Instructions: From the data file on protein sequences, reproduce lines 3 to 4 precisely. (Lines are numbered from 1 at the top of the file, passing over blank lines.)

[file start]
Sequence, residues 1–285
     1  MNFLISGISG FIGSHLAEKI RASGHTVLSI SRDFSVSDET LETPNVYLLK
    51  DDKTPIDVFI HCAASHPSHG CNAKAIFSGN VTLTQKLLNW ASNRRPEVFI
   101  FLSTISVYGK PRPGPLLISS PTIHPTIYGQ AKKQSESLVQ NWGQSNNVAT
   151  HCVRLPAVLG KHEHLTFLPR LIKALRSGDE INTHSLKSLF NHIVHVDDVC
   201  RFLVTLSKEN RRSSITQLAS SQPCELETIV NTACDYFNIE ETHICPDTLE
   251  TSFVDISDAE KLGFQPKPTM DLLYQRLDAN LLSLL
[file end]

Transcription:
    51  DDKTPIDVFI HCAASHPSHG CNAKAIFSGN VTLTQKLLNW ASNRRPEVFI
   101  FLSTISVYGK PRPGPLLISS PTIHPTIYGQ AKKQSESLVQ NWGQSNNVAT